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Call for ‘flexible’ rail fares to reflect home working shift

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Call for ‘flexible’ rail fares to reflect home working shift

The UK Government must look to reform the way rail fares are set to meet the needs of changing working patterns post-pandemic, the Rail Delivery Group (RDG) has said.

Speaking at Holyrood’s fringe event on rail reform at the SNP conference, the RDG’s director of nations and regions, Robert Nisbet, called for more “flexible” ticket options to reflect the fact more people will want to continue working from home.

He said: “Our argument at the moment to government, and it’s an argument that we’ve been making for a while now, is that we need to have a much more flexible approach to the fares system because what we have at the moment is stuck back in the 90s.

“We need to start working seriously on a flexible season ticket solution for those people that want to go into the office maybe just two days instead of five days a week.

“Unfortunately, we’re hamstrung, because we need the government to work with us on this because it requires changes to the regulations. This is a fairly consistent theme that we’ve been presenting to government in Westminster, to say please look at this seriously.”

He added that the Williams Review – a root-and-branch review of UK railways launched in 2018 – should put fares reform at its heart, including integrated ticketing to allow different modes of public transport to be used with a single ticket.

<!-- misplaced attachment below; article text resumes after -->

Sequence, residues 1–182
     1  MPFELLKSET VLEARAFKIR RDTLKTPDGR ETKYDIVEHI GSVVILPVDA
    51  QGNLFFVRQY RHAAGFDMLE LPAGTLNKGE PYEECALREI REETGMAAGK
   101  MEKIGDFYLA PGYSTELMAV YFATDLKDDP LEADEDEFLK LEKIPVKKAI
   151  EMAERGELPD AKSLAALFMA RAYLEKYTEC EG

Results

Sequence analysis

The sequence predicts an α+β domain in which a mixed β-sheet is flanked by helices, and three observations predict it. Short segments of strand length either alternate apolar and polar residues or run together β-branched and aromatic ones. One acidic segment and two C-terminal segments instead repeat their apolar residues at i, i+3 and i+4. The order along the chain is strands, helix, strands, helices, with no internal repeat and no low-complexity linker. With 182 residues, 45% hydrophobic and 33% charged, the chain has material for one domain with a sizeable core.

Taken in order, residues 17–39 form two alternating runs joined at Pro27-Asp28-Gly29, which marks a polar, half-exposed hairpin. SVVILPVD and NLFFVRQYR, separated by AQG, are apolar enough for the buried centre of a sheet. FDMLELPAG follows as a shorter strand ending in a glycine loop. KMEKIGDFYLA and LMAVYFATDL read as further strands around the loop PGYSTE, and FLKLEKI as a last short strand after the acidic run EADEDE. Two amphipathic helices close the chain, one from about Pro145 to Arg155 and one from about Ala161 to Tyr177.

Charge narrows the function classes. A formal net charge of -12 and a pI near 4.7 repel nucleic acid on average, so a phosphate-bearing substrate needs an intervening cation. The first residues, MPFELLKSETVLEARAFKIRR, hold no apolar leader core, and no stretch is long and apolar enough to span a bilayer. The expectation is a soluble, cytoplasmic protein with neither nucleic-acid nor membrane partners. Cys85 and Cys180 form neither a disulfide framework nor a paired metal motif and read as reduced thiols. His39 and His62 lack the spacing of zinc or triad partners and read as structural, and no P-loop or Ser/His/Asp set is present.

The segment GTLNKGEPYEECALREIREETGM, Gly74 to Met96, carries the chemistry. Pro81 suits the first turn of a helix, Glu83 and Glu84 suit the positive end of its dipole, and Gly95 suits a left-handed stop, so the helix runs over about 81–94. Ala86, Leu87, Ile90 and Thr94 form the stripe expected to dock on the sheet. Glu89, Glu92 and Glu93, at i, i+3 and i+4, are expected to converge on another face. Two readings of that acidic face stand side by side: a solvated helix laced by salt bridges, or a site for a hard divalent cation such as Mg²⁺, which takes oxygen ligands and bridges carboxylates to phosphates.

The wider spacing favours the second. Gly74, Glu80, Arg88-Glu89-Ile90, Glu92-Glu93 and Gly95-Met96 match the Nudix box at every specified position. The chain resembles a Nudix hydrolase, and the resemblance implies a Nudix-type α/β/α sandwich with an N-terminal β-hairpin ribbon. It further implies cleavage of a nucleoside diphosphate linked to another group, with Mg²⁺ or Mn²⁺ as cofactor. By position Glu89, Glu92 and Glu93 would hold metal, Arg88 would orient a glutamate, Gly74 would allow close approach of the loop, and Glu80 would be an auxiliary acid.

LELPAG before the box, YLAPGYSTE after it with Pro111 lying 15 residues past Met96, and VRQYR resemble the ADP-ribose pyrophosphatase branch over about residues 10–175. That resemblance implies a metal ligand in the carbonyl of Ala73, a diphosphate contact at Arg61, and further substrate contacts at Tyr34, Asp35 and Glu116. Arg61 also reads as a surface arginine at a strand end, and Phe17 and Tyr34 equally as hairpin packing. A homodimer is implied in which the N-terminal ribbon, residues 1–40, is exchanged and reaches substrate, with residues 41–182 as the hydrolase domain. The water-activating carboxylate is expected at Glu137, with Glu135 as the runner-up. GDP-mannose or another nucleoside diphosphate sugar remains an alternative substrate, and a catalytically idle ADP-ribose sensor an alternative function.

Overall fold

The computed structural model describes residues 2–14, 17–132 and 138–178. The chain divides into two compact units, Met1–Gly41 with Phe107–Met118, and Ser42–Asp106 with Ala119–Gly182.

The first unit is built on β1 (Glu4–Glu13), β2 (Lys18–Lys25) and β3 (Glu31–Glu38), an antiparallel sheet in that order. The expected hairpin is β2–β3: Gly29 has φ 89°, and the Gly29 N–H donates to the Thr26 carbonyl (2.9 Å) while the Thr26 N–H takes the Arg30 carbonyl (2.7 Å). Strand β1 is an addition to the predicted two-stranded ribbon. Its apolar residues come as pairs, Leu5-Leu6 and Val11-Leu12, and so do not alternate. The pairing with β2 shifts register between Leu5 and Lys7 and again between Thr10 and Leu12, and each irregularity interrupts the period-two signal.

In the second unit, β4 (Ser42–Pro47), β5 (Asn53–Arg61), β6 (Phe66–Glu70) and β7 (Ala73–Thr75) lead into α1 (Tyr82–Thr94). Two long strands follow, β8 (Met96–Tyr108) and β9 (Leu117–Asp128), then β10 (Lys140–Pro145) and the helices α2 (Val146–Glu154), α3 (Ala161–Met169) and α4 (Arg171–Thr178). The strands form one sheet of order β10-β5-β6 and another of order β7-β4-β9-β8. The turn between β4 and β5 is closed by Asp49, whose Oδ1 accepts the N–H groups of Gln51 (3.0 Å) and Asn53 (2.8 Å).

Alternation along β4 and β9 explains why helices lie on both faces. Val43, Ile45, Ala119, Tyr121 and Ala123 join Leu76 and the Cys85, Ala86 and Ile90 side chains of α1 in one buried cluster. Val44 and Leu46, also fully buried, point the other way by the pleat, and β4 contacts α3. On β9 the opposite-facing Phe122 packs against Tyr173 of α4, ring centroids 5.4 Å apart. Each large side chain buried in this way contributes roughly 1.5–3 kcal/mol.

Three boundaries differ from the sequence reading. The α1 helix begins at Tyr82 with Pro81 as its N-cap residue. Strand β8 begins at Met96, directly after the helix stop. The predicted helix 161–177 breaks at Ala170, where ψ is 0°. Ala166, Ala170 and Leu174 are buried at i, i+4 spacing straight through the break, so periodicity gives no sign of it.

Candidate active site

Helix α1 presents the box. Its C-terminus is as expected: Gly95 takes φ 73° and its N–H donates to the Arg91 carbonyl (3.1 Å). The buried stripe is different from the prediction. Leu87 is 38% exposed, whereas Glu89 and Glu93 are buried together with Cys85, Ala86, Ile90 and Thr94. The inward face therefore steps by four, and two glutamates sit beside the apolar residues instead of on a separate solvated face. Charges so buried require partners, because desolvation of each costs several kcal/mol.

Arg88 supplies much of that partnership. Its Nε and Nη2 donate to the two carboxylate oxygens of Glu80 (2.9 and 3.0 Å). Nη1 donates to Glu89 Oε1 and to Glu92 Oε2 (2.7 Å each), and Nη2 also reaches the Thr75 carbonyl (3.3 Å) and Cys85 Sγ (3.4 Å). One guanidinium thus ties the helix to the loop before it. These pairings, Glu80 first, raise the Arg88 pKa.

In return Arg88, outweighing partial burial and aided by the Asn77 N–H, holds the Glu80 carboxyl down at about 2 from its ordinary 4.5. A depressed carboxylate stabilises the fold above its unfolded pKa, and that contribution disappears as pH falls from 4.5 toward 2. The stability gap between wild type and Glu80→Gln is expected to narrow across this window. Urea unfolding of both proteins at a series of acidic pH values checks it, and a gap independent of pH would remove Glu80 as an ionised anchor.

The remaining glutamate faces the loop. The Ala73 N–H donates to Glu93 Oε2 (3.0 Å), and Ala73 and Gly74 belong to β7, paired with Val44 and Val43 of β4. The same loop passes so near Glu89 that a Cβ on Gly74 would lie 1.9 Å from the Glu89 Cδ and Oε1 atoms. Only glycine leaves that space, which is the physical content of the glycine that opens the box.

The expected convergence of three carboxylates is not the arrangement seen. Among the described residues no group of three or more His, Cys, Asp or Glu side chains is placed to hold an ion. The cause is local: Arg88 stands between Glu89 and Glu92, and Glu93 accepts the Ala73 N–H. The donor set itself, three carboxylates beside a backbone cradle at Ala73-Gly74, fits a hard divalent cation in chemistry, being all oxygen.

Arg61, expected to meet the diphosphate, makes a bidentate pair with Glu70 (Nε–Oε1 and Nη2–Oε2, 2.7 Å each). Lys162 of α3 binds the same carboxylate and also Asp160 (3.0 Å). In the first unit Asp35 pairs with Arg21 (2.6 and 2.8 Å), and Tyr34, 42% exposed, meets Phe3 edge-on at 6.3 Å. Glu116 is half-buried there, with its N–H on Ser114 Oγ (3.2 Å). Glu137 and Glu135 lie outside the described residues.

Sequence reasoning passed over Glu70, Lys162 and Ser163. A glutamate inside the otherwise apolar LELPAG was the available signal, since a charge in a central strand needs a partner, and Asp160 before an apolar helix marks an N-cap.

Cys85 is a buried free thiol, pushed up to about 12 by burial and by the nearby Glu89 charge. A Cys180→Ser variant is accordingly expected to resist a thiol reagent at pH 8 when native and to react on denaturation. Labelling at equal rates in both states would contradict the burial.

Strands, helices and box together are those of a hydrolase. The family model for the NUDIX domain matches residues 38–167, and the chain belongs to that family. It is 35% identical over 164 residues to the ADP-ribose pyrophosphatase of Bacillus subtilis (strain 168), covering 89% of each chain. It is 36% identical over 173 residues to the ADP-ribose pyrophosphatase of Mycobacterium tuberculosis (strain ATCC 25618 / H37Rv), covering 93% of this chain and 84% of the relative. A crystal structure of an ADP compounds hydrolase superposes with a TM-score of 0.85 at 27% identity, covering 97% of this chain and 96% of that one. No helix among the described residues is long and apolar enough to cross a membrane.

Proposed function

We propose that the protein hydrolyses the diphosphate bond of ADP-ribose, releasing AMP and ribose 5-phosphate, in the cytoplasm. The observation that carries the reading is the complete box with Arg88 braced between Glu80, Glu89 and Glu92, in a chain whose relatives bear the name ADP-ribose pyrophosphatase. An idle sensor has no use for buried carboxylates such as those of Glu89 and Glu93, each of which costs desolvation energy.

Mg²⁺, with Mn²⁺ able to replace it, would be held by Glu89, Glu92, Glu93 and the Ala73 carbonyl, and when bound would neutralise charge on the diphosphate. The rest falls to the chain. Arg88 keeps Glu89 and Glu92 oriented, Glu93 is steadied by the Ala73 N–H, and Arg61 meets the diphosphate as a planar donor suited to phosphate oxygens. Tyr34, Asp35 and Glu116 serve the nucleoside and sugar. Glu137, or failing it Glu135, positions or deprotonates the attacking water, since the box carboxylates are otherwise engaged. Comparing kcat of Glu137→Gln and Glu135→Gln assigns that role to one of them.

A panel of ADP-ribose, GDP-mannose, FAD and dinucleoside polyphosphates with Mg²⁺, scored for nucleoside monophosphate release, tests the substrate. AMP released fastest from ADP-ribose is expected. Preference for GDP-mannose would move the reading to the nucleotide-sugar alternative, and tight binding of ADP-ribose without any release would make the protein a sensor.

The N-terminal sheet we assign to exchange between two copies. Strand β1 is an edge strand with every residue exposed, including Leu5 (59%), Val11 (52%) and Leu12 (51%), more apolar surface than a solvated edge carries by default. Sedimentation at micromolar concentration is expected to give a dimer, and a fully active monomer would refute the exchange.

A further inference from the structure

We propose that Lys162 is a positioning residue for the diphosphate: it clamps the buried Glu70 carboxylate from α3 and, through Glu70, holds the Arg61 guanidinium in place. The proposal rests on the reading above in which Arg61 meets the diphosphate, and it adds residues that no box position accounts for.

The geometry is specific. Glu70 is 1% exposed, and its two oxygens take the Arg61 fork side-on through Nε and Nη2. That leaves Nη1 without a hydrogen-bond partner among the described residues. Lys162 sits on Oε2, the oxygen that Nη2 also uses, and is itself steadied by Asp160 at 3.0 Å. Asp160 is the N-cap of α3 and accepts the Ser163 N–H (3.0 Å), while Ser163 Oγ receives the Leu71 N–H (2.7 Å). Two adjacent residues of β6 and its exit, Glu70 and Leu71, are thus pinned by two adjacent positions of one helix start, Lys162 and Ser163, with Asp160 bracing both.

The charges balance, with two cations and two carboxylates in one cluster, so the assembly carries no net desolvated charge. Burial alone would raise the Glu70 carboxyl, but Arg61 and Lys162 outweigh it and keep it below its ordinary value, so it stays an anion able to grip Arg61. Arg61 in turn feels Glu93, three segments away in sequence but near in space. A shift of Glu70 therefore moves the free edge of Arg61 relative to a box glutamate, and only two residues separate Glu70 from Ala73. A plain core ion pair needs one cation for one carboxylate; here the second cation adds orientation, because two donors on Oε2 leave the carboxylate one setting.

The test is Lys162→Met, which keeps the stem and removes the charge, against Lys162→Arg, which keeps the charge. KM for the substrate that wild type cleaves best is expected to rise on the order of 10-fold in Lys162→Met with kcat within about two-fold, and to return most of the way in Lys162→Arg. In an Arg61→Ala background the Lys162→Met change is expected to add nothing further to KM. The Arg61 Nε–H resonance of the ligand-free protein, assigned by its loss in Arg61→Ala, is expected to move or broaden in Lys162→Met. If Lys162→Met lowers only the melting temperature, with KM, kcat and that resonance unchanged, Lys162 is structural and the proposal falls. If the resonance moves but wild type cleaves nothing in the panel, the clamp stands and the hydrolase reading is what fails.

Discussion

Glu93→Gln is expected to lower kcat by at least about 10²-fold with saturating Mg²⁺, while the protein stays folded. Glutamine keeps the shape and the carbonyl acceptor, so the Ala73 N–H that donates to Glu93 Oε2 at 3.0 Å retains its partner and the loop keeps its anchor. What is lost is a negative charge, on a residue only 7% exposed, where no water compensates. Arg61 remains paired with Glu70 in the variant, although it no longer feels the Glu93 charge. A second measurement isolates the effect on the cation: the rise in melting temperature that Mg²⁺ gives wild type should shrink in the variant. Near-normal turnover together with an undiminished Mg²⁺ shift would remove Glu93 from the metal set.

The white paper from Keith Williams, deputy chairman of the John Lewis Partnership and former chief executive of British Airways, is due to be published next year. It has been subject to delays due to last year’s general election and the coronavirus pandemic.

Concern has been expressed about rebuilding confidence in using public transport once public health restrictions are lifted.

The number of passengers using public transport has dropped dramatically, with the latest figures indicating ScotRail passenger numbers for April to June fell by over 95% compared to the same time last year.

Transport Secretary Michael Matheson said: “People are actually quite anxious about making use of public transport at the present moment. As a result of that, we are seeing what appears to be an increasing number of people who are using their car for shorter journeys in a way that we don’t want to see happening going forward in the long term.

“A key part of building back that greener agenda is not just about trying to sustain some of the benefits we have achieved over the course of the pandemic in terms of active travel, but also to give people confidence in moving back into using public transport as a safe means by which they’ll be able to get to their work or getting about their daily journeys.”

Alex Hynes, managing director of ScotRail, added while passenger numbers went up slightly over the summer, there has been a drop again due to the second wave of COVID-19.

However, he added: “I think the market will come back to rail because it’s phenomenally brilliant for connecting urban centres and you can be productive on board the train in a way that you just cannot with other modes.

“But I think we are going to see some fundamental shifts in demand across our communities and business and leisure segments.”

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